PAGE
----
committedandroider committedandroider - 5 months ago 18
Java Question

How can quadratic probing fail to find a location on the next insertion while linear probing always finds one?

    I am doing a practice question from Data Structures Practice

The Question

   1.Linear Probing will (circle one):

        i.gradually degrade in performance as more values are inserted

       ii.May not find a location on the next insertion

       iii.None of the above

   2.Quadratic Probing will (circle one):

        i.gradually degrade in performance as more values are inserted

       ii.May not find a location on the next insertion

       iii.None of the above

According to the answer key(from the link), the answer to 1 is i and the answer to 2 is ii.

I agree with the answer question 1. Linear probing will explore all possibilities and wrap to the beginning of the hashtable if needed. Therefore it will find a location on the next insertion. If you insert a bunch of values that map to the same bucket or near one bucket, clustering will result and performance will degrade.

I understand why the the answer to question 2 isn't i. Quadratic increment probs by different increments to avoid the clustering issue. However can some explain the intution behind how quadratic probing "may not find a location on the next insertion"

A quadratic probing function is defined with (from Quadratic Probing)


nth probe being ((h(k) + n2) mod TableSize) until the probe hits a zero(unoccupied)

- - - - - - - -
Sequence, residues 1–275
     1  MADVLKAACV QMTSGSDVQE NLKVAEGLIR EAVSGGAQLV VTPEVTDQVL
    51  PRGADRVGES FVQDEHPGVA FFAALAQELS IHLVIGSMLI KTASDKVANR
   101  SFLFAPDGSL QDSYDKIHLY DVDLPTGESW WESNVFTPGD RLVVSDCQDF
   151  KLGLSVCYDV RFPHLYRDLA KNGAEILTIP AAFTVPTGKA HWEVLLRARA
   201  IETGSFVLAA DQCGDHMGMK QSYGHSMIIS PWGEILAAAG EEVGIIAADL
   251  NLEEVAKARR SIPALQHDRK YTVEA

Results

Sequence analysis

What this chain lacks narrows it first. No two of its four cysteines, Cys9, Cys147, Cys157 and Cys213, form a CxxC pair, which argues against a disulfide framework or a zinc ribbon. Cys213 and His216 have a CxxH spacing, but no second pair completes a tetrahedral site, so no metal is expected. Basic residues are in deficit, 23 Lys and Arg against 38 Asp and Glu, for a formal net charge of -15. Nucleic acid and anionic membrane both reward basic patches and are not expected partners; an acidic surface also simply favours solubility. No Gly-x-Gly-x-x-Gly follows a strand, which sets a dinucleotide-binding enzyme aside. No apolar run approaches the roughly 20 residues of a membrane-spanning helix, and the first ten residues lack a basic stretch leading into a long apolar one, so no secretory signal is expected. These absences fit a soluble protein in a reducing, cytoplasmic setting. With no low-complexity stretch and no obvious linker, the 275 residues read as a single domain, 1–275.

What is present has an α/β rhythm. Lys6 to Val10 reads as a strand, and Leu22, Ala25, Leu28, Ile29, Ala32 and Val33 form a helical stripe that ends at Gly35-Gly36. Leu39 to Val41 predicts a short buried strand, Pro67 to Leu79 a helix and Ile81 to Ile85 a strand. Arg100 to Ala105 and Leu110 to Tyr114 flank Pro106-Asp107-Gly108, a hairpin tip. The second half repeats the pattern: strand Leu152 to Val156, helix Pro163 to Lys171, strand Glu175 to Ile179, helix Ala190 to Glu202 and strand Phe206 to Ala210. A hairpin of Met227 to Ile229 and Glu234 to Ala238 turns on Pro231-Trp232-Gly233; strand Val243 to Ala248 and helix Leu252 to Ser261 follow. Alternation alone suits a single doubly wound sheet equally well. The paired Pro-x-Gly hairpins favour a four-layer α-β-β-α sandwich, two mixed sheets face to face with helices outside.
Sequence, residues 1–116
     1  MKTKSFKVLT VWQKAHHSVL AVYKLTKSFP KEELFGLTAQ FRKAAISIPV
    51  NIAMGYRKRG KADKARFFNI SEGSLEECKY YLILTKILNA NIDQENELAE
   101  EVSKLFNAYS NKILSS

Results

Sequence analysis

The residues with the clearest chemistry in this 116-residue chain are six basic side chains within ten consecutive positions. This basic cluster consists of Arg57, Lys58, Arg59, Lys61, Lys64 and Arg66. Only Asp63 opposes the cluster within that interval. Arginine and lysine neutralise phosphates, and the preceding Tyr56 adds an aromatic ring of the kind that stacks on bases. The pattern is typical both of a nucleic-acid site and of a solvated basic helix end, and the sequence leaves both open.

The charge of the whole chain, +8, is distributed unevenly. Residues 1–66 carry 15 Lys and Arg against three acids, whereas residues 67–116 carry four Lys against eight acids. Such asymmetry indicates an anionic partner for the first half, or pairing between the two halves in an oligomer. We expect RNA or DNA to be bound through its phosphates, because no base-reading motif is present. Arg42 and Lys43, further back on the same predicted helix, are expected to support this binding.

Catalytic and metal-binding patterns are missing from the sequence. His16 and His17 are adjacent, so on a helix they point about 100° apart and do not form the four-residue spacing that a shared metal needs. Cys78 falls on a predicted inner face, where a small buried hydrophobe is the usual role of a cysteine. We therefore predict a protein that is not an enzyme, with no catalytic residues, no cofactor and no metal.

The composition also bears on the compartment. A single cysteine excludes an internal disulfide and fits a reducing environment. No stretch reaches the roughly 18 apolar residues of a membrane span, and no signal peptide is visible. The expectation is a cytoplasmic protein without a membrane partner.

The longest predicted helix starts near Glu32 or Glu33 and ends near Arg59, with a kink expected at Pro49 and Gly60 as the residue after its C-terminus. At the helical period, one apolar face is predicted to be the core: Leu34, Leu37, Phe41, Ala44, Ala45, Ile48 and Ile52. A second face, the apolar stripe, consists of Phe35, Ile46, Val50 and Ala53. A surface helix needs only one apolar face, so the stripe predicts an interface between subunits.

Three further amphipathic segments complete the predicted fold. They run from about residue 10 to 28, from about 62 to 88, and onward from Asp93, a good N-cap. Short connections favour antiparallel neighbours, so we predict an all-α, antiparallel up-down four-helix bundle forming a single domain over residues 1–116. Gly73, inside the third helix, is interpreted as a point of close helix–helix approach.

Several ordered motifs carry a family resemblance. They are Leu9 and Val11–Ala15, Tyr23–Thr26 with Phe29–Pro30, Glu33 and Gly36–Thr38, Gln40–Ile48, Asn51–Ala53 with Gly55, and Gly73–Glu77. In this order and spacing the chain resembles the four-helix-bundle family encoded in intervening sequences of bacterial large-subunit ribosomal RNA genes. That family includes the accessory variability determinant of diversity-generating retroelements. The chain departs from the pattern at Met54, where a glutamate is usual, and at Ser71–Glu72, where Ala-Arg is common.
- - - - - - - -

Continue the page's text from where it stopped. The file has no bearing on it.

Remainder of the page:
From what I learned in my other question Quadratic Probing, it is possible for a quadratic probe to hit every bucket. Like the linear probe, the quadratic probe should also wrap tot he beginning of the hashtable if needed. Why then in this question, can a quadratic probe not find a location on the next insertion while a linear probe can?

Answer

There must be a proof for this out there somewhere. But, I don't see how quadratic probing could hit every bucket in most cases.

Let's say the table size is 7, and h(k) is 0. For the ith iteration, probe = i^2 mod 7. I tested all i less than 10,000 and this always evaluates to 0, 1, 2, or 4 for any i. Buckets 3, 5, and 6 will never be probed.

Here's the script I used:

var hash_of_k = 0;
var table_size = 7;
var iteration_limit = 10000;
var buckets =  new Object();

//Probe buckets
for(var i=0; i<iteration_limit; i++){
  b = (hash_of_k+(i*i)) % table_size;
  buckets[b] = 1;
}

//Report which buckets were probed.
var buckets_probed = '';
for(b in buckets){
  buckets_probed += b + '  ';
}

alert(buckets_probed);

You could set the iteration limit higher, but that just doesn't seem practical. It seems like the whole point of quadratic probing would be to find an empty bucket faster than linear probing.

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